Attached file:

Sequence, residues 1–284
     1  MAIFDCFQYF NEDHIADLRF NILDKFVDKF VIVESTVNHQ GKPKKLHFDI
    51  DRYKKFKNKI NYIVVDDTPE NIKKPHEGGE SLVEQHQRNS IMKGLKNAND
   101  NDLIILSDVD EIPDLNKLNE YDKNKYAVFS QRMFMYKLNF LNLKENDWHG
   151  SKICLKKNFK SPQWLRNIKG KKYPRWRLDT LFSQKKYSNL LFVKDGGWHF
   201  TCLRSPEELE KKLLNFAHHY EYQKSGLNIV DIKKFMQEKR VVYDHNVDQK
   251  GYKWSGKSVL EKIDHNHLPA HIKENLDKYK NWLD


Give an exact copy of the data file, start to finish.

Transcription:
Sequence, residues 1–284
     1  MAIFDCFQYF NEDHIADLRF NILDKFVDKF VIVESTVNHQ GKPKKLHFDI
    51  DRYKKFKNKI NYIVVDDTPE NIKKPHEGGE SLVEQHQRNS IMKGLKNAND
   101  NDLIILSDVD EIPDLNKLNE YDKNKYAVFS QRMFMYKLNF LNLKENDWHG
   151  SKICLKKNFK SPQWLRNIKG KKYPRWRLDT LFSQKKYSNL LFVKDGGWHF
   201  TCLRSPEELE KKLLNFAHHY EYQKSGLNIV DIKKFMQEKR VVYDHNVDQK
   251  GYKWSGKSVL EKIDHNHLPA HIKENLDKYK NWLD